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Student Peace Union (SPU) was a nationwide student organization active on college campuses in the United States from 1959 to 1964. Its national headquarters were located near the campus of the University of Chicago.
The SPU was founded by Ken Calkins, who had gained notoriety when his pelvis was fractured when he sat in front of a truck during a pacifist demonstration against nuclear weapons at the first Atlas Missile site 20 miles northwest of Cheyenne, Wyoming. He had returned to Chicago and became educational director for the local American Friends Service Committee. As part of his duties in that position he conducted a number of peace seminars at local Chicago high schools, where he developed a number of contacts with local students. By the spring of 1959 this network had been organized in the Student Peace Union and by the end of the school year had about 100 members. In 1960 it merged with the Fellowship of Reconciliation-affiliated College Peace Union, which had several campus chapters in the Northeast. By December 1961 the group had 1,500 members at dozens of campuses in the Midwest and Northeast, and a year later would expand to 3,500 members, with inroads on the West Coast and in the South. From the beginning, the Young People's Socialist League, then under the influence of the Shachtmanites, poured its members into the group and tried to give it a "Third camp" direction—rejecting both Western capitalism and Soviet communism as equally imperialist.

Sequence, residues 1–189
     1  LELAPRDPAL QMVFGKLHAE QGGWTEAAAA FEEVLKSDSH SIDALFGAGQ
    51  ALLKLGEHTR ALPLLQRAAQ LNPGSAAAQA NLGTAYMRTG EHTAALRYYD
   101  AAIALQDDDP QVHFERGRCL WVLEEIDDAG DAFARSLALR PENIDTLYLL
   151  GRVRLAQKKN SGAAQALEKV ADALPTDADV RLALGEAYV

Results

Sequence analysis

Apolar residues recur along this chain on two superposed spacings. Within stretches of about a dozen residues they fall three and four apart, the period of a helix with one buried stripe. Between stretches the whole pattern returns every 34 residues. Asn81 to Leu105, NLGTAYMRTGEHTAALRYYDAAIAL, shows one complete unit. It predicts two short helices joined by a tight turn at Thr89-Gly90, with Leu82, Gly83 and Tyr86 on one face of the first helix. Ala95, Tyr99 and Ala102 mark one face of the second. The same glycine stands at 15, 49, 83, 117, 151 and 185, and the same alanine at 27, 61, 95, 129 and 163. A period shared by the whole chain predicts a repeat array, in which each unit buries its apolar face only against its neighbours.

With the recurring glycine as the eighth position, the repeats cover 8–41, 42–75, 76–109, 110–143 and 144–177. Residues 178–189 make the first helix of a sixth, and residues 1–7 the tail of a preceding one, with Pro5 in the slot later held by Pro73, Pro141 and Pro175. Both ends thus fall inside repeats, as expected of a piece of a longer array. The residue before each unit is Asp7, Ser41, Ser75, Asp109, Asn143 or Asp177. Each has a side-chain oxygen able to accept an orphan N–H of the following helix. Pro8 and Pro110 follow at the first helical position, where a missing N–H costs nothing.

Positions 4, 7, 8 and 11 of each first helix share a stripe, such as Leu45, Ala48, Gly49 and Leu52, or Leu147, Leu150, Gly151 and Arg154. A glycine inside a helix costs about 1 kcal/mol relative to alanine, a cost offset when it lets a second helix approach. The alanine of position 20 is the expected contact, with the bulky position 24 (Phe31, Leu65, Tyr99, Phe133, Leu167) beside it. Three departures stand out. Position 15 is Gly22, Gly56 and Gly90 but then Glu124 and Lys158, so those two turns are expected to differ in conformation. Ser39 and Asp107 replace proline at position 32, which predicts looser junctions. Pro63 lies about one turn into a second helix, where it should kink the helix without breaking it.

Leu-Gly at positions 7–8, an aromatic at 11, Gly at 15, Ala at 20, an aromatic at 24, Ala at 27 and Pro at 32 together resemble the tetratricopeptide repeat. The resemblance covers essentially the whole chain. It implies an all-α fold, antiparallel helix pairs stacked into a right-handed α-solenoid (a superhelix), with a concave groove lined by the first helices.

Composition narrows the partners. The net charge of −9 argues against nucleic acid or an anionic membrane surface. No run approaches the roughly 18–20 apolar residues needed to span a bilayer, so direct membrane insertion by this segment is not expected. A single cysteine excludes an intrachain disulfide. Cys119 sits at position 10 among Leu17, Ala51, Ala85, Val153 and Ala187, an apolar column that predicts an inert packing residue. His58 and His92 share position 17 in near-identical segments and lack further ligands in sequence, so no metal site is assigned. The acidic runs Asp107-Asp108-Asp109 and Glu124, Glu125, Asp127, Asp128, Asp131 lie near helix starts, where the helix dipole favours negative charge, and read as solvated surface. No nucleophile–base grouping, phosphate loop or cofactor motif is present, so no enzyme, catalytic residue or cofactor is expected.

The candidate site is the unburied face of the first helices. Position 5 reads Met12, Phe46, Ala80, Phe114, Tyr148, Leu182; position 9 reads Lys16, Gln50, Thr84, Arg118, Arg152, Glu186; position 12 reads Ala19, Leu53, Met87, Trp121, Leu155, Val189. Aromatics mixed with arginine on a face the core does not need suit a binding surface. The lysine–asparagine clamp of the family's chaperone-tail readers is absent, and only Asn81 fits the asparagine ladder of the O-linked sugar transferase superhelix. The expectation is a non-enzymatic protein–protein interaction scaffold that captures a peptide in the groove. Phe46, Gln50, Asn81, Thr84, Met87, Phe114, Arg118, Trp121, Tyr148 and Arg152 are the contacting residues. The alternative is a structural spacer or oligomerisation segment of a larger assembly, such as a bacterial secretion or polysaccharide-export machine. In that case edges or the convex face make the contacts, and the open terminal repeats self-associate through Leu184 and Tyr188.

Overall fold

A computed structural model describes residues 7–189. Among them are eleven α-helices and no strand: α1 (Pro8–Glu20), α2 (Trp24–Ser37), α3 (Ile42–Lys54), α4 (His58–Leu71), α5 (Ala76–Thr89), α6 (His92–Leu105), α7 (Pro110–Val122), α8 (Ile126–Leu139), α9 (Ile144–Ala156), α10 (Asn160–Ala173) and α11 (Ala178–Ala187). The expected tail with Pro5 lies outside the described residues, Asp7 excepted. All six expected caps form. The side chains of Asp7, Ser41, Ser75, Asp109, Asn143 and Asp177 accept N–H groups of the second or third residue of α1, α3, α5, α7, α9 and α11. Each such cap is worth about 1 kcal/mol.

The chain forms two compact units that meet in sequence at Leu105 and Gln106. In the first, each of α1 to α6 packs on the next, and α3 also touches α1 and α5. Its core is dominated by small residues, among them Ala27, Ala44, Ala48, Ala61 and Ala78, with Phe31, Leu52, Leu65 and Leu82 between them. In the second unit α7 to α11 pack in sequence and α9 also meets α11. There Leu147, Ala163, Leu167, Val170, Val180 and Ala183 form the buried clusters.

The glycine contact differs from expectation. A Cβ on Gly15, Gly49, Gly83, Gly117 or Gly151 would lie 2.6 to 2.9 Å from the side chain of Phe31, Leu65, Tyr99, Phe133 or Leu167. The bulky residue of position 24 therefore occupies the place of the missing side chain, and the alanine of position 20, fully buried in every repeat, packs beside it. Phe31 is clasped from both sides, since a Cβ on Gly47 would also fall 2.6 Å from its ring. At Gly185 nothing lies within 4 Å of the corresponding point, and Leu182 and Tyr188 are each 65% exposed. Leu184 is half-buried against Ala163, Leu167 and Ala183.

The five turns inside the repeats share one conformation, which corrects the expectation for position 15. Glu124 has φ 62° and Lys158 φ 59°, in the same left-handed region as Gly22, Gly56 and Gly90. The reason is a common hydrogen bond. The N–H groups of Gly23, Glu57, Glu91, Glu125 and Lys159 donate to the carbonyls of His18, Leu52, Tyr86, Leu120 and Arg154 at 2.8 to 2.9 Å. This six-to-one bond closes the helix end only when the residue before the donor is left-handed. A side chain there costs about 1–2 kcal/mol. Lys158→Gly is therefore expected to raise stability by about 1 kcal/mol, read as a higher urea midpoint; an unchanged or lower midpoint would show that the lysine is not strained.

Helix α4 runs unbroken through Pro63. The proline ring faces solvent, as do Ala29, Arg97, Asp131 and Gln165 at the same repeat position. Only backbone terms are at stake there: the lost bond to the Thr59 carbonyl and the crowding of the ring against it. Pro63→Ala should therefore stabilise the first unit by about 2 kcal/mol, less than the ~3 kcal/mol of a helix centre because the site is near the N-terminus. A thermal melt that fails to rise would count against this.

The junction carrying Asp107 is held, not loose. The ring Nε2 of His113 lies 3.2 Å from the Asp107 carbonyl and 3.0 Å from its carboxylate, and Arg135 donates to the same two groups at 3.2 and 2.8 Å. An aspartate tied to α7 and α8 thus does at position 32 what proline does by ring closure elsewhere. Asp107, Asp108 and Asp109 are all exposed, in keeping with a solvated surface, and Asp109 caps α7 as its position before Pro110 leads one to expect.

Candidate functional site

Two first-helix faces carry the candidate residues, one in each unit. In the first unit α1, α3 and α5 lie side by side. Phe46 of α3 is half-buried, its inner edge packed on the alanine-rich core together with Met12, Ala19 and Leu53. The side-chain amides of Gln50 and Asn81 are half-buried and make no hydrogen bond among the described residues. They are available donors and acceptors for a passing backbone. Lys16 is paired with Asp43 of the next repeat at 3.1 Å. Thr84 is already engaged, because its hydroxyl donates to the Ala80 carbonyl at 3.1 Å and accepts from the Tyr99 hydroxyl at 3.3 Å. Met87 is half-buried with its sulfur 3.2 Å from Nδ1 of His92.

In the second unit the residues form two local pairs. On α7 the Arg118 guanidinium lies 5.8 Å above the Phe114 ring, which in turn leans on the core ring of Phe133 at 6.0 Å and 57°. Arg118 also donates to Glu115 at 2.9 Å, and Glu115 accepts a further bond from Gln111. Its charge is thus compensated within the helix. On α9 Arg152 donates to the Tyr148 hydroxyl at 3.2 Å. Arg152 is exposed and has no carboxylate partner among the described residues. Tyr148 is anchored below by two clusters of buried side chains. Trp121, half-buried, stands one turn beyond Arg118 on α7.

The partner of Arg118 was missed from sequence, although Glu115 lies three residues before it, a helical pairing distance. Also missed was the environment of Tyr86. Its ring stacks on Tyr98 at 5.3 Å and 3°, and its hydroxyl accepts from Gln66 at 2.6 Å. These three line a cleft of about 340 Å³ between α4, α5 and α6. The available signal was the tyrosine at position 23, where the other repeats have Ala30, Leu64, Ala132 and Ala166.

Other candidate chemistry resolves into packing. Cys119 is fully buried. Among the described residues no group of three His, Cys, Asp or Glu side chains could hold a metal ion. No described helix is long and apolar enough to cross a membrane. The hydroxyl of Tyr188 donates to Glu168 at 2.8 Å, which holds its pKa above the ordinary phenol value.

The SPU organized a number of protests and vigils at the White House. The first was in November 1961 against the resumption of nuclear testing. To their surprise President Kennedy displayed some sympathy for the group, having his disarmament advisers confer with picket leaders and receiving their petitions. A second protest, the "Washington Action" drew 5,000 students in February 1962. Kennedy sent them an urn of coffee on the first day of the protest, which was held during a snowstorm. The event was co-sponsored by Student SANE, the Students for a Democratic Society (which at the time had a tenth of the membership of SPU) and a Harvard affiliate of the SPU called TOCSIN, which was led by Todd Gitlin. TOCSIN was able to initiate some contacts with senators and State Department officials, combining the protest march with lobbying efforts.
The SPU continued its protests against nuclear testing that spring, when they engaged in the first confrontation between police and anti-war protesters of the decade in New York. During the Cuban Missile Crisis that October, the group sponsored demonstrations across the country, including a march in front of the White House that drew 2,000 people. When the Nuclear Test Ban Treaty was signed in the wake of the crisis it was a mixed blessing for the SPU. While they had always been against nuclear testing, so much of its identity was bound up with anti-nuclear war activism that it struggled to find a new footing. Furthermore it was undermined by the factional struggles within the YPSL between the Shachtmanite "realignment tendency" -- which favored socialist entry into the Democratic party—and the more non-electoral "labor party tendency" led by Mike Parker. The Shachtmanites tried to dilute the labor party tendency's control of SPU by urging a merger with Student SANE, but this fell through. Debates among the YPSLs over when, if ever, to support peace candidates and questions over foreign policy consumed the top leadership, and the organization dissolved in the spring of 1964.
A second incarnation of the Student Peace Union was formed in the fall of 1964 by some of the young SPU members and David McReynolds. While not very prominent nationally, it had chapters on a few campuses not otherwise known for New Left activism - Shippensburg University of Pennsylvania, St. Peter's College, Idaho State University and Rocky Mountain College. It merged with the Campus Americans for Democratic Action to form the Independent Students' Union in 1967 
Papers of the Student Peace Union are located in the State Historical Society of Wisconsin.
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